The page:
YW__Then we decided that I would be in charge of the gallery, and Togashi would cook. That’s how we started Lavender Opener Chair / Tomei in March 2020.

TT__I just wanted to have a studio with a kitchen though. *laughs*

IL__We often visit your space, the food is terrific. It's such a nice experience to be able to see beautiful artwork while eating delicious meals. Have you always like cooking, Togashi?

TT__Yes, I've always liked cooking. But cooking has become a more significant part of my life after I moved to Holland. You don't have to talk when cooking as cooking itself is already a form of communication that cancels out the language barrier. So, when I was in Holland, I cooked a lot.

IL__Finally, can you tell us about your plans for the future as Lavender Opener Chair / Tomei?

YW__I'd like to continue it as long as we can. Ideally, I want it to get bigger.

TT__It was a coincidence that we ended up doing the gallery alongside the restaurant, but now we feel that there is more potential there than we realised. It is actually remarkable that the same person visits the same exhibition more than once - that doesn’t happen a lot in a regular gallery. Also, people visiting our space tend to stay for a very long time, seeing artwork while eating. I think that the concept of time produced by a restaurant twists the concept of time usually suggested by the gallery context. We want to apply every positive that we've seen and felt over the past year to future curatorial projects.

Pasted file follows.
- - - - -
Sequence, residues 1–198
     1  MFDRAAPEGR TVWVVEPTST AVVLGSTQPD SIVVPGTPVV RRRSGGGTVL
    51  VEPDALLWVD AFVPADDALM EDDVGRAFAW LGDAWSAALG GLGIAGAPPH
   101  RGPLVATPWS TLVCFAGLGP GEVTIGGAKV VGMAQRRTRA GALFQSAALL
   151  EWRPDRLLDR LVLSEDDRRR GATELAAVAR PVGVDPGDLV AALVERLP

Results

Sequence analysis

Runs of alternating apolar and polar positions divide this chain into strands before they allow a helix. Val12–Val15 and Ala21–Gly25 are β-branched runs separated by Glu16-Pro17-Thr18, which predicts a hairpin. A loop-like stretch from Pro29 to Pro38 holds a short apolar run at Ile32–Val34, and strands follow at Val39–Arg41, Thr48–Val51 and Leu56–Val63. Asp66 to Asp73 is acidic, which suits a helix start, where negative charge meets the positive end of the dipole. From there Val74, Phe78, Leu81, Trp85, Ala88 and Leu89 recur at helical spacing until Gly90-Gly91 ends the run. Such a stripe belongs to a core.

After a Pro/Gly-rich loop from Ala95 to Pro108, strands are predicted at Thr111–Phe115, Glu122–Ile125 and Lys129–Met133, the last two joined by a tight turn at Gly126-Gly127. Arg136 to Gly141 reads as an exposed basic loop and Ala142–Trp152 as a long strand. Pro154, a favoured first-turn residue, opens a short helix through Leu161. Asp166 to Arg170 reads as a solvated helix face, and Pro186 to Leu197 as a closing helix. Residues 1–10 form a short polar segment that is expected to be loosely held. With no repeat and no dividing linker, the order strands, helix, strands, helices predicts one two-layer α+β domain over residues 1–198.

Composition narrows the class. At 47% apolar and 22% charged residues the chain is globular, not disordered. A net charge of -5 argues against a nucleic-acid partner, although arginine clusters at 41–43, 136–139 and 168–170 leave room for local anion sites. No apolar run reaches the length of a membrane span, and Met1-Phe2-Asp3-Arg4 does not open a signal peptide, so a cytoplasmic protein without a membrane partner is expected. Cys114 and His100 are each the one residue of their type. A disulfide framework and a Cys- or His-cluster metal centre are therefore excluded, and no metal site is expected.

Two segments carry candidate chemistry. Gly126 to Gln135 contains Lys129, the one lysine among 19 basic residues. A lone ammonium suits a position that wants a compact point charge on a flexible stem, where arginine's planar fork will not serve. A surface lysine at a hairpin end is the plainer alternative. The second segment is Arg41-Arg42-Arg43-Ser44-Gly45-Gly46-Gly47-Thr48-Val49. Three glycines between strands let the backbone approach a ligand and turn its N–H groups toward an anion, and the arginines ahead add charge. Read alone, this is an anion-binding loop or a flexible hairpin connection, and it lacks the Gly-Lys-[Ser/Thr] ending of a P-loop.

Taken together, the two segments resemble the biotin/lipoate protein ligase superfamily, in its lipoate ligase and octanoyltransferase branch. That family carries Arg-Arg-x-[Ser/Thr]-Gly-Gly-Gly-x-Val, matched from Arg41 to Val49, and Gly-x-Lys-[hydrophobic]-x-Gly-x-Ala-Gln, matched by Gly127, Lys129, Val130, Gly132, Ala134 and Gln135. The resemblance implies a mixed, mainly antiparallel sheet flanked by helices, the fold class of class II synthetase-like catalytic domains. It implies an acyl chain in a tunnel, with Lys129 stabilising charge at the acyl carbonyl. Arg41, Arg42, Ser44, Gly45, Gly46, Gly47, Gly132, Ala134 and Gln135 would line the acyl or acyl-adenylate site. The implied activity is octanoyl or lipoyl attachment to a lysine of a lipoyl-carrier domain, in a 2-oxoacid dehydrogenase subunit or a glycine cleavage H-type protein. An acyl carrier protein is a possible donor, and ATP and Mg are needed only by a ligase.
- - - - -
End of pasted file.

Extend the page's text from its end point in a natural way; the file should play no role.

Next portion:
• From the left: Yohei Watanabe, Yoko Pinkham, Tatsuhiko Togashi
BIQLO is a joint large-scale shopping store, which Japanese notable fashion wear company UNIQLO and home electronic company BIG CAMERA collaborated on.
Noboru Kitawaki was a Japanese painter and writer.
About the Artist__
Tatsuhiko Togashi
Born in 1992 in Yamagata prefecture, Japan currently lives and works in Arakawa, Tokyo. After completing a MA at Sandberg Instituut in Holland, Togashi opened an artist-run gallery with a restaurant, "Lavender Opener Chair / Tomei," in Arakawa, Tokyo. Also, Togashi is in charge of cooking at Tomei.
Yoko Pinkham
Born in 1989, Chiba, Japan. She started working with wools which is now her main material when she found knitting for her fun. Recently she's been producing rugs using tufting techniques. Recent exhibitions include "Artist Running Festival" xyz collective, 2020
Yohei Watanabe
Born in 1990 in Fukushima Prefecture, Japan and currently lives and works in Arakawa, Tokyo. Completed a MA at Tokyo National University of Fine Arts and Music. Recent exhibitions include "Giant Chorus," HAGIWARA PROJECTS (2019, Tokyo), "4 boxes and pyramids," 4649 (2018, Tokyo), "Yohei Watanabe: exture of Cat, Clouds Reversed in Retina," KomagomeSOKO (2017, Tokyo), "THE EXPOSED #9 passing pictures" g/p Gallery Shinonome (2015, Tokyo), etc.
Share This: